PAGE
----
The problem: If anyone at work, or even in your family, tends to roam around with a superior air – anything they say is likely to be taken by you and the others with a pinch, or even a bag of salt. Simply because whenever they talk, the first thing to come out of it is their condescending attitude. And in case there’s someone with an inferiority complex, their incessant self-pity forms barriers to communication.

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The solution: Use simple words and an encouraging smile to communicate effectively – and stick to constructive criticism, and not criticism because you are a perfectionist. If you see someone doing a good job, let them know, and disregard the thought that you could have done it better. It’s their job so measure them by industry standards and not your own.

Language Barrier

This is perhaps the commonest and the most inadvertent of barriers to communication. Using big words, too much of technical jargon or even using just the wrong language at the incorrect or inopportune time can lead to a loss or misinterpretation of communication. It may have sounded right in your head and to your ears as well, but if sounded gobbledygook to the others, the purpose is lost.

The problem: Say you are trying to explain a process to the newbies and end up using every technical word and industry jargon that you knew – your communication has failed if the newbie understood zilch. You have to, without sounding patronizing, explain things to someone in the simplest language they understand instead of the most complex that you do.

The solution: Simplify things for the other person to understand you, and understand it well. Think about it this way: if you are trying to explain something scientific to a child, you tone it down to their thinking capacity, without “dumbing” anything down in the process.[4]

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Emotional Barrier

Sometimes, we hesitate in opening our mouths, for fear of putting our foot in it! Other times, our emotional state is so fragile that we keep it and our lips zipped tightly together lest we explode. This is the time that our emotions become barriers to communication.[5]

The problem: Say you had a fight at home and are on a slow boil, muttering, in your head, about the injustice of it all. At this time, you have to give someone a dressing down over their work performance. You are likely to transfer at least part of your angst to the conversation then, and talk about unfairness in general, leaving the other person stymied about what you actually meant!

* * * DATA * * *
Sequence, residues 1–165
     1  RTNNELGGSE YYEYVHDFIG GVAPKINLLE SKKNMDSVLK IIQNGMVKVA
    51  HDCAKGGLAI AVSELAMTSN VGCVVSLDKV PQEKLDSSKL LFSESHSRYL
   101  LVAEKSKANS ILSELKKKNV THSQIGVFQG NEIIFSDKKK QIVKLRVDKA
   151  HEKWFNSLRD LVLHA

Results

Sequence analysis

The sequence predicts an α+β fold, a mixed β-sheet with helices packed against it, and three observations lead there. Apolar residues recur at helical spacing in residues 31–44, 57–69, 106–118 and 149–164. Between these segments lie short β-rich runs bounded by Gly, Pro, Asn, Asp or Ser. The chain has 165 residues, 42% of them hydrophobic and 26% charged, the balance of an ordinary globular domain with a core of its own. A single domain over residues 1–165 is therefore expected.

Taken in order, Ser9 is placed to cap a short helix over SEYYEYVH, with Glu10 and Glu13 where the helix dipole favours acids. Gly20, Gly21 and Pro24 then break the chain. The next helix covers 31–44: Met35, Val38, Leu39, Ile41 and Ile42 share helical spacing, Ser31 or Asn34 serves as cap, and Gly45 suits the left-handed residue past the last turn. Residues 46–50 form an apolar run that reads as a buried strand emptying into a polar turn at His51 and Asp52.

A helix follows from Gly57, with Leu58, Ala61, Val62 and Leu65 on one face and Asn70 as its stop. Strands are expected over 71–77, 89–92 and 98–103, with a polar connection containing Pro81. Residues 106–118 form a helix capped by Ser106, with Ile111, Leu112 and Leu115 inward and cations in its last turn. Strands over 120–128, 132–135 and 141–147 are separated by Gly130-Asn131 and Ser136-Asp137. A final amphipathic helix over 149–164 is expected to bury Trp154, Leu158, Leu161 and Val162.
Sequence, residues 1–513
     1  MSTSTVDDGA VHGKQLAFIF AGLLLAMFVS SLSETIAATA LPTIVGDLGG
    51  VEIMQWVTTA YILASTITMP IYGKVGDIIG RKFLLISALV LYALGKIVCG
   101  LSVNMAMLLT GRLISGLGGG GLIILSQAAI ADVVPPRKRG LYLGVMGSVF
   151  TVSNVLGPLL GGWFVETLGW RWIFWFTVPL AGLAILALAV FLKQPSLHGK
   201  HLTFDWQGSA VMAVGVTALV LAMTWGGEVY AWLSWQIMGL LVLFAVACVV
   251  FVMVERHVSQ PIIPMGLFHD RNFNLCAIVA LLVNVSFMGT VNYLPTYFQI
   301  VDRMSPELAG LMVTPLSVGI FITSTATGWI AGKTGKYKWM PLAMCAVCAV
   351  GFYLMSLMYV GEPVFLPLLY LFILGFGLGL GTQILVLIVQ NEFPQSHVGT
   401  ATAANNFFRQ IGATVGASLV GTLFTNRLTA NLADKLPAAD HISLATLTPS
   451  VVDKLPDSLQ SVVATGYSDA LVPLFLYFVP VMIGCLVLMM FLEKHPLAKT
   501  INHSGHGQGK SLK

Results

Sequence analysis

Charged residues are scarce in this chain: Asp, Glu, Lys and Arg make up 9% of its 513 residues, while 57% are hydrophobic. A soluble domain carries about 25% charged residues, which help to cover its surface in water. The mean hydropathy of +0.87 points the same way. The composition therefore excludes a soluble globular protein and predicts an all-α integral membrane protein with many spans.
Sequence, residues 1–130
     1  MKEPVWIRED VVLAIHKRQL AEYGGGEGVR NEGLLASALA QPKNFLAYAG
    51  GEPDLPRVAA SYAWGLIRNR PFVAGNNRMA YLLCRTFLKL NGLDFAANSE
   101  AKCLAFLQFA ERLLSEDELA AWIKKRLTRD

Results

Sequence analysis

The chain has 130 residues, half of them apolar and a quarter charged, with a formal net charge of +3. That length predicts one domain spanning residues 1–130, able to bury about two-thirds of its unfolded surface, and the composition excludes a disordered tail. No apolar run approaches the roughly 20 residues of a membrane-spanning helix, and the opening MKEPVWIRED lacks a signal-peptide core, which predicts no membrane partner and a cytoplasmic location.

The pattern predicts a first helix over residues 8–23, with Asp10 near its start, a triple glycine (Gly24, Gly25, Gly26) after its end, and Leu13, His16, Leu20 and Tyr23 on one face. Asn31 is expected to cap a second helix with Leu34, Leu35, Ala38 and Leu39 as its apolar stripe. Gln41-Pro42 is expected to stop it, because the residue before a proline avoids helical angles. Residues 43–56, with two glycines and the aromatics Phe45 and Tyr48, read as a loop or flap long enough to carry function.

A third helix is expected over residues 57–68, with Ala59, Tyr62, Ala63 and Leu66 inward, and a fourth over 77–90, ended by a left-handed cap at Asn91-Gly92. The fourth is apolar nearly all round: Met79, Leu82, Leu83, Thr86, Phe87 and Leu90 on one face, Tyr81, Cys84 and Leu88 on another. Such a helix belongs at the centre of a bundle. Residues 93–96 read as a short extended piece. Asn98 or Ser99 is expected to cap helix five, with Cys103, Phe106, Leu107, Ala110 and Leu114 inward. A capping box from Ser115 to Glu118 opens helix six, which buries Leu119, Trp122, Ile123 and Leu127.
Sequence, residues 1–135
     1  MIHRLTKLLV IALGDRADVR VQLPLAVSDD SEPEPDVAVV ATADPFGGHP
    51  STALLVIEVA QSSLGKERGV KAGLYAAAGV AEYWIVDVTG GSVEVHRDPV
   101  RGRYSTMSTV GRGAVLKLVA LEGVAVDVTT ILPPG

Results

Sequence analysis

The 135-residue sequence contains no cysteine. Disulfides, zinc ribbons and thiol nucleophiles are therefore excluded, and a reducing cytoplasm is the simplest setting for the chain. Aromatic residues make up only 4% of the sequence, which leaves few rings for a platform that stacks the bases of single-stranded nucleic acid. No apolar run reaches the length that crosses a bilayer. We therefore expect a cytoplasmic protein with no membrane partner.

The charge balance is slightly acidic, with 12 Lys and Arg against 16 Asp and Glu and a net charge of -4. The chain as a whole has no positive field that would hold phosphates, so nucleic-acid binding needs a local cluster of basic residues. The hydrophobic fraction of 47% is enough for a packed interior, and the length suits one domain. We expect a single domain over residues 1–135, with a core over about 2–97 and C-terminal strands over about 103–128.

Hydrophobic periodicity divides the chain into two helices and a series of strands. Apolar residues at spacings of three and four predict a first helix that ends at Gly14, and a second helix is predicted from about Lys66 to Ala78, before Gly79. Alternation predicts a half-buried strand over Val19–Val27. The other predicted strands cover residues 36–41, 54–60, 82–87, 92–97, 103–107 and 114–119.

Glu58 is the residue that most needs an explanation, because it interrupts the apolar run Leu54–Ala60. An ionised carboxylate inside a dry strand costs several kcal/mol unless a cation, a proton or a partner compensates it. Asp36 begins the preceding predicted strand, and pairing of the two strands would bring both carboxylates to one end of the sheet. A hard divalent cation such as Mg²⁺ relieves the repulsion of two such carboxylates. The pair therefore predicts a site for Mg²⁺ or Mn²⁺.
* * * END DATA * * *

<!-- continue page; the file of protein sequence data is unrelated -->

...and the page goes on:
The solution: Remove your emotions and feelings to a personal space, and talk to the other person as you normally would. Treat any phobias or fears that you have and nip them in the bud so that they don’t become a problem. And remember, no one is perfect.

Cultural Barrier

Sometimes, being in an ever-shrinking world means that inadvertently, rules can make cultures clash and cultural clashes can turn into barriers to communication. The idea is to make your point across without hurting anyone’s cultural or religious sentiments.

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The problem: There are so many ways culture clashes can happen during communication and with cultural clashes; it’s not always about ethnicity. A non-smoker may have problems with smokers taking breaks; an older boss may have issues with younger staff using the Internet too much.

The solution: Communicate only what is necessary to get the point across – and eave your personal sentiments or feelings out of it. Try to be accommodative of the other’s viewpoint, and in case you still need to work it out, do it one to one, to avoid making a spectacle of the other person’s beliefs.[6]

Gender Barrier

Finally, it’s about Men from Mars and Women from Venus. Sometimes, men don’t understand women and women don’t get men – and this gender gap throws barriers in communication. Women tend to take conflict to their graves, literally, while men can move on instantly. Women rely on intuition, men on logic – so inherently, gender becomes a big block in successful communication.[7]

The problem: A male boss may inadvertently rub his female subordinates the wrong way with anti-feminism innuendoes, or even have problems with women taking too many family leaves. Similarly, women sometimes let their emotions get the better of them, something a male audience can’t relate to.

The solution: Talk to people like people – don’t think or classify them into genders and then talk accordingly. Don’t make comments or innuendos that are gender biased – you don’t have to come across as an MCP or as a bra-burning feminist either. Keep gender out of it.

And remember, the key to successful communication is simply being open, making eye contact and smiling intermittently. The battle is usually half won when you say what you mean in simple, straightforward words and keep your emotions out of it.

Reference